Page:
CALL FOR ARTICLES, REVIEWS, AND INTERVIEWS
TEXT MATTERS: A JOURNAL OF LITERATURE, THEORY AND CULTURE
LITERATURE AND SECURITY
Liam Francis Gearon (University of Oxford)
In order to delineate this innovative field, there is a more detailed Call text than usual – the text here is adapted and drawn from
Liam Francis Gearon (2019)
“A LANDSCAPE OF LIES IN THELAND OF LETTERS:
The Literary Cartography of Security and Intelligence”
from his forthcoming:
Gearon (ed.) (October 2020) Routledge International Handbook of Universities, Security and Intelligence Studies
Literature is a lie which seeks to tell a truth. Espionage is a trade dependent on deceit. Where the two professions meet, the dissembling knows no limit. As David Cornwell, the nom-de-plume of John le Carré has written: “I’m a liar, born to lying, bred to it, trained to it by an industry that lies for a living, practised in it as a novelist” (Kerridge, 2015). The curiously entangled relationship between literature, security and intelligence is, then, not surprisingly replete with twists and turns of plot and an odd array of dual-facing characters.
In the complex interplay of spy fact and spy fiction, many practitioners of the former have engaged in writing the latter. Eric Ambler, John Bingham, John Buchan, Ian Fleming, Graham Greene, John le Carré, Eliza Manningham Buller, Somerset Maugham and Arthur Ransome are well-known to the list (Burton, 2016; Hannabuss, 2016). And for writers of spy fiction who – except perhaps in their authorial dreams – were never spies, the real and imagined adventures and misadventures of actual spooks by necessity provide the storyline.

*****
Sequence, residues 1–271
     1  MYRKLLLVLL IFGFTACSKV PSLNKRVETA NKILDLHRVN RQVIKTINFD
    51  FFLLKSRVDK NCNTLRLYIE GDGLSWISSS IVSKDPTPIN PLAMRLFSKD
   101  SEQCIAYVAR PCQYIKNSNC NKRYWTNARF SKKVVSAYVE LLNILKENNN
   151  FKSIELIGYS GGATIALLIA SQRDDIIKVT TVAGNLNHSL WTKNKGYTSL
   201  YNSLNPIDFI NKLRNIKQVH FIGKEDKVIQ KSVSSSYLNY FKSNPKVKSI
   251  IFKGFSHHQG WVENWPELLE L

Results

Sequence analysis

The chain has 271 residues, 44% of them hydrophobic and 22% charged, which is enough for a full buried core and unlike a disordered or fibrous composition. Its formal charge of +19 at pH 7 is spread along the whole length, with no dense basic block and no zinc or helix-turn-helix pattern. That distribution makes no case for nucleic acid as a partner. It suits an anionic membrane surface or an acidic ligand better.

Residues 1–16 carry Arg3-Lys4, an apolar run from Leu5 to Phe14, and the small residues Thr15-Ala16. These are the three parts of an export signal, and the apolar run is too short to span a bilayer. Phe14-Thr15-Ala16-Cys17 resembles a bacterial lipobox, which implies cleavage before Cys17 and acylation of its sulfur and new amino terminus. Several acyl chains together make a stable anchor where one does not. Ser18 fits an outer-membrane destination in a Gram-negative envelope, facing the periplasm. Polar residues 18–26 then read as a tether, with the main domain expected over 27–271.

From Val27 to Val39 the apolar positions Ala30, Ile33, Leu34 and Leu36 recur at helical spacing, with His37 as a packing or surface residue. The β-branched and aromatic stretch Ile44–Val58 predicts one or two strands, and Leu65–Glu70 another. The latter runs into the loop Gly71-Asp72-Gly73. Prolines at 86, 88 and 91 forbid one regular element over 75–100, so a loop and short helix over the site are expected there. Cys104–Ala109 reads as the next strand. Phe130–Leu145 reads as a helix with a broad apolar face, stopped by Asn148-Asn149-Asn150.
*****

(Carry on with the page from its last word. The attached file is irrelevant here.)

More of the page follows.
From whatever perspective we look, the interface between literature, security and intelligence is rarely incidental. In many cases, books, like other forms of media, have been used as a direct part of ideological and intelligence apparatus, particularly in the history of propaganda, and it is the literary collective as much as particular literary and academic authors who are subjects of security interest, whether the protection of states or political doctrine (Chomsky, 2008; Herman and Chomsky, 1995; Johnson and Parta, 2014; Kind-Kovacs, 2014; Nelson, 2003; Parnica, 2016; Wilkinson, 2009). Books and their authors are often therefore an integral part of the targeted action as perceived physical or ideological threat. Nazi Germany, the Soviet Union and Maoist China are important cases here. Indeed, dictatorial regimes the world over have long targeted authors alongside intellectuals who are the first threats to be eliminated or undermined, either through cultural and social exclusion through censorship and imprisonment or through the expedients of execution (Power, 2010). Read, for instance, the chilling double-entendre of Bytwek’s (2004) Bending Spines for an account of how a synthesis of books and brutality were at the root of Nazi and other forms of totalitarianism.
While propaganda itself can be considered a weapon of war, books and bombshells often share then the same ideological trajectory, one reinforcing or even anticipating the other, most particularly during times of war (Bernays, 2004; Cooke, 2014; Welch, 2015, 2016). It is why Taylor (2003) calls propaganda the “munitions of the mind,” and O’Shaughnessy (2005) defines it as a “weapon of mass seduction.” The cultural always forms a backdrop to conflict (also O’Shaughnessy, 2017, 2018).
We invite articles (between 3000 and 5000 words), as well as reviews and interviews, on the subject.
Please send proposals (with the subject line, PROPOSAL, TEXT MATTERS) of no more than 400 words to:
Deadline for proposals: 1 December 2019
Deadline for final essays: 1 May 2020 Deadline for revisions of essays: 1 November 2020